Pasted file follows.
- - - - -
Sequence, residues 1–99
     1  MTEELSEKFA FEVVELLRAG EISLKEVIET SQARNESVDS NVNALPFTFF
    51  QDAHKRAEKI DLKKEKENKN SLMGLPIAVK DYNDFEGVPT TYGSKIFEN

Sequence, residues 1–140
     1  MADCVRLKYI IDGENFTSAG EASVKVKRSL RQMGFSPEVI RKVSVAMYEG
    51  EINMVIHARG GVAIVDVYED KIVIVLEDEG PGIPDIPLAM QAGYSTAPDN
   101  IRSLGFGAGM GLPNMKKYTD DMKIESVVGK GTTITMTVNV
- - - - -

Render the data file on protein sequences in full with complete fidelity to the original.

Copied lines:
Sequence, residues 1–99
     1  MTEELSEKFA FEVVELLRAG EISLKEVIET SQARNESVDS NVNALPFTFF
    51  QDAHKRAEKI DLKKEKENKN SLMGLPIAVK DYNDFEGVPT TYGSKIFEN

Sequence, residues 1–140
     1  MADCVRLKYI IDGENFTSAG EASVKVKRSL RQMGFSPEVI RKVSVAMYEG
    51  EINMVIHARG GVAIVDVYED KIVIVLEDEG PGIPDIPLAM QAGYSTAPDN
   101  IRSLGFGAGM GLPNMKKYTD DMKIESVVGK GTTITMTVNV